So now let's take a couple of examples from cells
that's representative of what's in our body.
So we have ECF which is extracellular fluid,
that's the fluid around the cell.
And ICF, which is the intracellular fluid.
So if we take first, one particular ion,
and we'll do this one at a time.
Sodium has a concentration outside the cell of around 145 mmol.
Inside the cell, it's very low, about 12.
So there's a gradient across the membrane set up here.
If we look at potassium, it is high within the cell,
about 120 mmol, versus 4 on the outside.
Calcium is what looks like to be low on both side, but in actuality,
the extracellular fluid has more calcium than the intracellular fluid.
Intracellular fluid has almost none free calcium.
And finally we have chloride,
which is high on the outside of the cell and low on the inside.
One of the things you should notice
about these various molecules is their charge.
Sodium and potassium have a positive charge, and they have a +1.
They're considered monovalent.
Calcium is a +2. It's divalent.
And then chloride is an anion or negatively charged molecule.
The other thing to keep in mind is
which direction the arrows are pointing.
You'll notice that they always point from the base
of the highest number to the area of the lowest number.
Why? Because all these molecules want to get into equilibrium.
Meaning that they'd be the same on both sides of the membrane.
That is their goal. They want to live in harmony
and be the same on both sides of the membrane.
The membrane though, is going to be somewhat selective
about which ones it allows to pass.
So we can calculate the exact voltage difference
based upon those concentrations.
Now it's not important to be able to calculate this
on a minute by minute basis.
There are only going to be numbers
in which you have to be familiar with.
So for example, you see that this potential for sodium
is around +61 mV.
So that's based upon the concentration
in the extracellular fluid versus the intracellular fluid.
And you're gonna ask how in the world
did you figure out that that was 61 mV.
You could have done it in two ways.
One of them, we could have put
a reference electrode on one side of the membrane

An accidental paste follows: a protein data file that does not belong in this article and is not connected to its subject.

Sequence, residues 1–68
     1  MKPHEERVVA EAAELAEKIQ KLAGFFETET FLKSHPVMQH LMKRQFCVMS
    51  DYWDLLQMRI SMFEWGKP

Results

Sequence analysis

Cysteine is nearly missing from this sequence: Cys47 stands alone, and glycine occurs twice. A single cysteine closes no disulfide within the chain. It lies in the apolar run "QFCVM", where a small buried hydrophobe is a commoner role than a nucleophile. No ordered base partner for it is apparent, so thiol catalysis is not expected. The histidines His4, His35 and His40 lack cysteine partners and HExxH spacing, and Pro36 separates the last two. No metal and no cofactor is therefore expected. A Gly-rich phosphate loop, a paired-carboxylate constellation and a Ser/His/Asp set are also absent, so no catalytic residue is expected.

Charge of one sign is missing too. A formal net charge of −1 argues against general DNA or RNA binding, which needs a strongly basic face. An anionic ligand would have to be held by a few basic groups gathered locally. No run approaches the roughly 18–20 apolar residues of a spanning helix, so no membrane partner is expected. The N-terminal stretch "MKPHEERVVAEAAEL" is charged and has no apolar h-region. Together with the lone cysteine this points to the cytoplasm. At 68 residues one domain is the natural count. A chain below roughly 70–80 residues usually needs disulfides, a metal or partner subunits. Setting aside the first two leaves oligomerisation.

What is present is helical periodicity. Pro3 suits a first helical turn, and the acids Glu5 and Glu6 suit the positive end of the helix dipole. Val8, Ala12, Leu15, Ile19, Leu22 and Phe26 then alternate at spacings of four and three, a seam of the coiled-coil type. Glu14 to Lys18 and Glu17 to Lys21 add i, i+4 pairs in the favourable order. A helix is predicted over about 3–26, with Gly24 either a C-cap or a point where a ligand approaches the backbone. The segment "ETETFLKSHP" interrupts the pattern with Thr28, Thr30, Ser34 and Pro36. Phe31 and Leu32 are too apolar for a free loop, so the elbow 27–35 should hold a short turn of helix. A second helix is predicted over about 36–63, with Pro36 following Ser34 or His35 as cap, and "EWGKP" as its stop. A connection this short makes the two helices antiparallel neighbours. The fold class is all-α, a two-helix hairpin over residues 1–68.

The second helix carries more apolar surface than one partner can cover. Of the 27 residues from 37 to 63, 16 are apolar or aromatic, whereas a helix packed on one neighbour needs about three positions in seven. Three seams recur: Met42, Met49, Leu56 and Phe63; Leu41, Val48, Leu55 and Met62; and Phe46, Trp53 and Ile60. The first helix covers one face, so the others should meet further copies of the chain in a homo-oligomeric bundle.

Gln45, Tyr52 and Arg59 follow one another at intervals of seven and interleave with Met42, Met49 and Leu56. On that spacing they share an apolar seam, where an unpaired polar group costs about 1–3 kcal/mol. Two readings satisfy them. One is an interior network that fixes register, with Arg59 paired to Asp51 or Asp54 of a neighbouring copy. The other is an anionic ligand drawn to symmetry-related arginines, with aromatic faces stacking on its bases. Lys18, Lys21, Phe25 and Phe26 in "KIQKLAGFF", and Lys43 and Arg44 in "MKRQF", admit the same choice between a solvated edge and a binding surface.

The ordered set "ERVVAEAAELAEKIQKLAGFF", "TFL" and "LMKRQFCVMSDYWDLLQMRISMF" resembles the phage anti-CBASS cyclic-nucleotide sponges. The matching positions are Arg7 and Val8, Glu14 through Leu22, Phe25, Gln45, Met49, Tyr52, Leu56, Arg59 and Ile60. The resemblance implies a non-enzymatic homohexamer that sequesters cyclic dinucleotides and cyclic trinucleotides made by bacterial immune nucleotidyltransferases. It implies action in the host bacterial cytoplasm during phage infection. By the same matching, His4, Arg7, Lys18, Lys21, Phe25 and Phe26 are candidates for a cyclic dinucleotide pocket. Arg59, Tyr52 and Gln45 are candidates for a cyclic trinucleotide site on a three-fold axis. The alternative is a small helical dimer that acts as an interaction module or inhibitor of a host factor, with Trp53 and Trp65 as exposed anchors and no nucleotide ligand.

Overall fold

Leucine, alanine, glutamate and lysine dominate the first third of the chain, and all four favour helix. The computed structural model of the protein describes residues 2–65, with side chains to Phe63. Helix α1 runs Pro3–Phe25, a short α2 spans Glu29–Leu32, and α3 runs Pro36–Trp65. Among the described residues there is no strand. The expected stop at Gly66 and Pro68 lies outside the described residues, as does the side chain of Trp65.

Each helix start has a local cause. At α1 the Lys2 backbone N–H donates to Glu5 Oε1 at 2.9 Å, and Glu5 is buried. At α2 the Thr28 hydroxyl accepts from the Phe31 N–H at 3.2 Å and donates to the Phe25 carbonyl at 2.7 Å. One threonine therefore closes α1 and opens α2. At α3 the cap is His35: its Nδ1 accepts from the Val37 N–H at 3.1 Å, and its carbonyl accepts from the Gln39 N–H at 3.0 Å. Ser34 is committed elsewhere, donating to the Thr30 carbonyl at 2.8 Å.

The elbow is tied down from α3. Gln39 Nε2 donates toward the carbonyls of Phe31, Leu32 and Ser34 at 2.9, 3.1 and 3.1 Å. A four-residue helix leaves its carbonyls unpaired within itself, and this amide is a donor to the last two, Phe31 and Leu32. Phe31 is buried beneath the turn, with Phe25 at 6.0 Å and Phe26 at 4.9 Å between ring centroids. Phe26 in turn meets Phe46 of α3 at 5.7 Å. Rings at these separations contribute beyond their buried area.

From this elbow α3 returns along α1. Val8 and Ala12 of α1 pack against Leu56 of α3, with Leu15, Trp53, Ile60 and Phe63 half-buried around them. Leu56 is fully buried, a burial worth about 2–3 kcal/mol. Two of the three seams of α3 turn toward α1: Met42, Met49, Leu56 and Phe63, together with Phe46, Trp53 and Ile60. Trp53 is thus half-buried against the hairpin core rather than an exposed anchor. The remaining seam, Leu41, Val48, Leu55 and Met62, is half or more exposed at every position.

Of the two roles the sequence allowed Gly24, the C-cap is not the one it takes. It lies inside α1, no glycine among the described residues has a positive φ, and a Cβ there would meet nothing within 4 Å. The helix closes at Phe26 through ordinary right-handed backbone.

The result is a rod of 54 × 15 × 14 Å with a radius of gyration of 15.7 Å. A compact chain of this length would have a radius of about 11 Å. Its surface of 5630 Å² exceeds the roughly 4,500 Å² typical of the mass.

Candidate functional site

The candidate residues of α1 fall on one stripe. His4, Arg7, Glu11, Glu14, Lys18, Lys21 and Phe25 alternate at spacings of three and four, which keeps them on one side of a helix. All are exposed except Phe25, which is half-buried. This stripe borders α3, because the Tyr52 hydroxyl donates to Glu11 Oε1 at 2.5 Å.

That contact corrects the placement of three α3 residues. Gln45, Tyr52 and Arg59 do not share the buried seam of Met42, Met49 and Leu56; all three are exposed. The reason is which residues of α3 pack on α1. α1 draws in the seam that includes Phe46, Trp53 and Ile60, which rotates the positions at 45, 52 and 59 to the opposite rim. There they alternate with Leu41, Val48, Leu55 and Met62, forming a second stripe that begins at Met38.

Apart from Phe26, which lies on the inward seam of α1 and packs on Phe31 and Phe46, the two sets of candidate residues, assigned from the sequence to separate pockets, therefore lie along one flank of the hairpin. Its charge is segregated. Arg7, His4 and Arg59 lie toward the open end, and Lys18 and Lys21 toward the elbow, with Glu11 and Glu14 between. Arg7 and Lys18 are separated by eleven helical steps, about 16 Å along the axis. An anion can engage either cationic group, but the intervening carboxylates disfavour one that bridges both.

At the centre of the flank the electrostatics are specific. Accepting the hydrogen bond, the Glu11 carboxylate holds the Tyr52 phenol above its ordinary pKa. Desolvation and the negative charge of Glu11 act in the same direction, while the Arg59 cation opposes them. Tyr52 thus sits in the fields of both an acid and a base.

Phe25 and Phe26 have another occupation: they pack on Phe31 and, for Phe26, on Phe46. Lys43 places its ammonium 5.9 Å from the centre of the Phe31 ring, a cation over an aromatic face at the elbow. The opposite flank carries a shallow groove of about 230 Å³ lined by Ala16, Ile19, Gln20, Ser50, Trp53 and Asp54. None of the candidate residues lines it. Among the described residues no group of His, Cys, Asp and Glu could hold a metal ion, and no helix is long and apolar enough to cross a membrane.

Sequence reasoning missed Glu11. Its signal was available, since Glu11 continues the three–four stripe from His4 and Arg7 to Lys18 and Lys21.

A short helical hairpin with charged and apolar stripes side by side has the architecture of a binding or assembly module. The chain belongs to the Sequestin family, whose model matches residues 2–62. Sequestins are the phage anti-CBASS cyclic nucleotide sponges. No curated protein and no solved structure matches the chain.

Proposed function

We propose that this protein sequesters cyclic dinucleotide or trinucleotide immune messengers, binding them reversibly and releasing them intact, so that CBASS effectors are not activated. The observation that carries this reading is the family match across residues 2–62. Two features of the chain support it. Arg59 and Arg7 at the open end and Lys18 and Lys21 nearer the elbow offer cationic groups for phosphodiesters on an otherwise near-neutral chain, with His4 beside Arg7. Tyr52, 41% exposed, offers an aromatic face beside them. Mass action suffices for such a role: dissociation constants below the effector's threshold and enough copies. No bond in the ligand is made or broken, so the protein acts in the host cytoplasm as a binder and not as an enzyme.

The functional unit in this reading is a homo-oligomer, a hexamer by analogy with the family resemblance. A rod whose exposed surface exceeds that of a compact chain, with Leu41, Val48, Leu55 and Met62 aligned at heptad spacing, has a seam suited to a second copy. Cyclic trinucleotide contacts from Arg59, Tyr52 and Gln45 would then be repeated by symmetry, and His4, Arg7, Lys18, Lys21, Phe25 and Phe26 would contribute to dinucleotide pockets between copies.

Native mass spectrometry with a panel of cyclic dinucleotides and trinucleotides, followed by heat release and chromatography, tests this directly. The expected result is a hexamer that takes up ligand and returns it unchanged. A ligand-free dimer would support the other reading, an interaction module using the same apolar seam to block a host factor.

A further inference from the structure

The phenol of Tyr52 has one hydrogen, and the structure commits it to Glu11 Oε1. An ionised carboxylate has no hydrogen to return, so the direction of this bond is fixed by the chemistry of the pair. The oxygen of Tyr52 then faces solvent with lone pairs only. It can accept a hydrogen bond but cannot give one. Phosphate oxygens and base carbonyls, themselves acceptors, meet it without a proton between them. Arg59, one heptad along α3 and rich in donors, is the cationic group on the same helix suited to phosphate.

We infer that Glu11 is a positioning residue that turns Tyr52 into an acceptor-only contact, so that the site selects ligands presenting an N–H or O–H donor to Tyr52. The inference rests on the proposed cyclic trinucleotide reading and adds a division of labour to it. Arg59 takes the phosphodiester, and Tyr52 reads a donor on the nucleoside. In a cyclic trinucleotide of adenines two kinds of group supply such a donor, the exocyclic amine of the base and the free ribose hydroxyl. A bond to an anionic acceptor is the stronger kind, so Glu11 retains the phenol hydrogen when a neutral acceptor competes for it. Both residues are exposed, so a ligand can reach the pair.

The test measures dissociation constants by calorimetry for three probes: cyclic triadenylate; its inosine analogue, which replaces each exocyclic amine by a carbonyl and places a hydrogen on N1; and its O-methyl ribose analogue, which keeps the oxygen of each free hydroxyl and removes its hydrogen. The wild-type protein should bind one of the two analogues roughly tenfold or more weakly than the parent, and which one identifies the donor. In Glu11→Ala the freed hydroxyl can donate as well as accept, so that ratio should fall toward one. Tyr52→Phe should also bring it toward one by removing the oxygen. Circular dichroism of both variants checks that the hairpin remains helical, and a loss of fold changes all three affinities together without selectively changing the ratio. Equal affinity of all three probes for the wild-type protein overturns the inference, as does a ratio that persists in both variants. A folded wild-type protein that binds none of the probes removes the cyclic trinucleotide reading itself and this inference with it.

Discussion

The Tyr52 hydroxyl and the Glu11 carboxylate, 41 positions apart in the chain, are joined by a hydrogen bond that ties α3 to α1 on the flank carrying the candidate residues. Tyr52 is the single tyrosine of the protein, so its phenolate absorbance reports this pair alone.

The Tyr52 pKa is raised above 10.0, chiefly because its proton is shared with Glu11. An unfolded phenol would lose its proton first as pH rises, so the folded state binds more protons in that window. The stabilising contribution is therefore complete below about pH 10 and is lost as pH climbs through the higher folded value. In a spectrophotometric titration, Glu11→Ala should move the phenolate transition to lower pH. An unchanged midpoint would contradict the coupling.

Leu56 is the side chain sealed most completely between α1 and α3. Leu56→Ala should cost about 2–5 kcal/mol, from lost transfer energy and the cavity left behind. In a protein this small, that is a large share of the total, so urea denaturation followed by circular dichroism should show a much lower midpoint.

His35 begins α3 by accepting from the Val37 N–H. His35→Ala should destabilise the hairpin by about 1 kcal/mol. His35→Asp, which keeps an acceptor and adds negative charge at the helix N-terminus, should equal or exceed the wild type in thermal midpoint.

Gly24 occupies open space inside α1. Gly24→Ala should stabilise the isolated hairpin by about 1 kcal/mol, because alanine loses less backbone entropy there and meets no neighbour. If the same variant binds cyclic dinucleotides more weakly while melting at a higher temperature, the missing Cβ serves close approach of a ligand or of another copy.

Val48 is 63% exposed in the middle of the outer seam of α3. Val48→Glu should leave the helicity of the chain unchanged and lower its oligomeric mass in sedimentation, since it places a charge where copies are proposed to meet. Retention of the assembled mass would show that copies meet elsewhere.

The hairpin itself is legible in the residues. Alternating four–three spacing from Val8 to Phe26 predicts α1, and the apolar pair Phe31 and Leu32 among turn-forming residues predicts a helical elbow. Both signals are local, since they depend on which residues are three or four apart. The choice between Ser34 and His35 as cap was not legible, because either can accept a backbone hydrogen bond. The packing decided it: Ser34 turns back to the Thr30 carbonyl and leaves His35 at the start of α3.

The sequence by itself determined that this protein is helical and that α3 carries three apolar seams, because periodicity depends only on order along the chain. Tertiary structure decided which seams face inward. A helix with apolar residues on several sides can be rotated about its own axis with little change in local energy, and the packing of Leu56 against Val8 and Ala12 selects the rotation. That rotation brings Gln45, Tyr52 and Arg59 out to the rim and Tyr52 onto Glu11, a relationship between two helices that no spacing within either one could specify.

and then add electrode on the other side.
Or we can use a formulated calculator,
which is called the Nernst equation.
At the Nernst equation, you take 61.5, divide it by the valence,
times the log of the concentration inside the cell,
over the concentration outside the cell.
So we either directly measuring it or using the Nernst equation,
you can calculate the particular voltage that the concentration
of those two ions inside and outside the membrane would cost.
If we look at potassium,
you'll notice that it also has a voltage.
But the potassium potential comes out to be -90.
Why? Because potassium was high inside the cell and low outside.
Calcium's membrane potential, very high.
120 in this particular example.
And again, that's based upon the ion concentration
in either the measured value or the Nernst value.
Remember for the Nernst value,
this one is going to be different because it's divalent.
So you're gonna have to take 61.5 divide it by now 2,
because it has a +2 charge,
times the log of the concentration on the inside
over the concentration in the outside of the cell.
The final ion that we have here is chloride.
And chloride is a -52 mV.
And remember that it has a higher concentration
on the extracellular fluid than the intracellular fluid.
So the arrows become very important and
their particular Nernst equation value becomes important.
So we have +61, +120, -90, and minus about 52. All from the ions
that we had, or we directly measure them from the cell.
So that looks like there's four numbers here,
what is the cell really at?
Do we simply just add up all four of those and divide by four,
so we get a mean?
That would be too easy, wouldn't it?
No. What we need to do is add another factor in play.
That other factor is which channels are opened,
and which channels are closed.
Because again if you don't let the ions travel across,
they don't count.
So we have to make sure which ions move becomes more important.
So let's start with calcium.
At rest, calcium is closed. Therefore we don't actualize
that potential of 120.
Sodium channels also close at rest.
Therefore that +61, non factor.
What is a factor? Potassium. Potassium channels are open at rest.
Therefore, an excitable cell will have a negative membrane potential.
Because there's a conductant for potassium, it will be
more likely close to the potassium equilibrium, which is -90.
So there will be some cells in the body that are at a -90
if these cells are opened all the time.
Most cells that were not at -90, they are a little bit above that,
and that's because of one other factor,
and that's the sodium-potassium pump,
or the sodium-potassium ATPase
which is constantly cycling and cycling and cycling,
moving what? Potassium back into the cell and sodium out.
That is called electrogenic pump because
it creates some electrical potential across the membrane.
Calcium pump is also there and that can also be part of the issue
but it's primarily the sodium-potassium ATPase.
What we have is -70.
You also notice that I didn't talk about chloride.
Chloride channels are also closed at this condition
so they are not part of the membrane potential,
just like calcium and sodium.